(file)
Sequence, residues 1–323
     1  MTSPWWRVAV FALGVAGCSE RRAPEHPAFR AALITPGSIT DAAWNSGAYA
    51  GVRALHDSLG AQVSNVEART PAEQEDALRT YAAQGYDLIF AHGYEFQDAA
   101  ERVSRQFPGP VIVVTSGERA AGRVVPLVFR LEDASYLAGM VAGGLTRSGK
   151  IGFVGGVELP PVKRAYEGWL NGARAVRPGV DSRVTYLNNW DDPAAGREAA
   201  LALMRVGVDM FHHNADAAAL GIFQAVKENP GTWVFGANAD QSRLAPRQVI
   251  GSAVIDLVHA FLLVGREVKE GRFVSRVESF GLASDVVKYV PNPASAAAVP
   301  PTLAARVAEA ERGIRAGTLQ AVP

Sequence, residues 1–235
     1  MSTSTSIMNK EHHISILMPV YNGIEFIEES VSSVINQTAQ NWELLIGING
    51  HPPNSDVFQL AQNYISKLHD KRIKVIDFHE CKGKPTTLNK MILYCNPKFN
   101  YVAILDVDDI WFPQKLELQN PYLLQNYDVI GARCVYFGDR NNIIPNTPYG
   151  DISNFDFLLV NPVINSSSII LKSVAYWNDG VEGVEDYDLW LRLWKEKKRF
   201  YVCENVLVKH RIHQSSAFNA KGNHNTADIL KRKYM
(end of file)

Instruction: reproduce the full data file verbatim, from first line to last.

Sequence, residues 1–323
     1  MTSPWWRVAV FALGVAGCSE RRAPEHPAFR AALITPGSIT DAAWNSGAYA
    51  GVRALHDSLG AQVSNVEART PAEQEDALRT YAAQGYDLIF AHGYEFQDAA
   101  ERVSRQFPGP VIVVTSGERA AGRVVPLVFR LEDASYLAGM VAGGLTRSGK
   151  IGFVGGVELP PVKRAYEGWL NGARAVRPGV DSRVTYLNNW DDPAAGREAA
   201  LALMRVGVDM FHHNADAAAL GIFQAVKENP GTWVFGANAD QSRLAPRQVI
   251  GSAVIDLVHA FLLVGREVKE GRFVSRVESF GLASDVVKYV PNPASAAAVP
   301  PTLAARVAEA ERGIRAGTLQ AVP

Sequence, residues 1–235
     1  MSTSTSIMNK EHHISILMPV YNGIEFIEES VSSVINQTAQ NWELLIGING
    51  HPPNSDVFQL AQNYISKLHD KRIKVIDFHE CKGKPTTLNK MILYCNPKFN
   101  YVAILDVDDI WFPQKLELQN PYLLQNYDVI GARCVYFGDR NNIIPNTPYG
   151  DISNFDFLLV NPVINSSSII LKSVAYWNDG VEGVEDYDLW LRLWKEKKRF
   201  YVCENVLVKH RIHQSSAFNA KGNHNTADIL KRKYM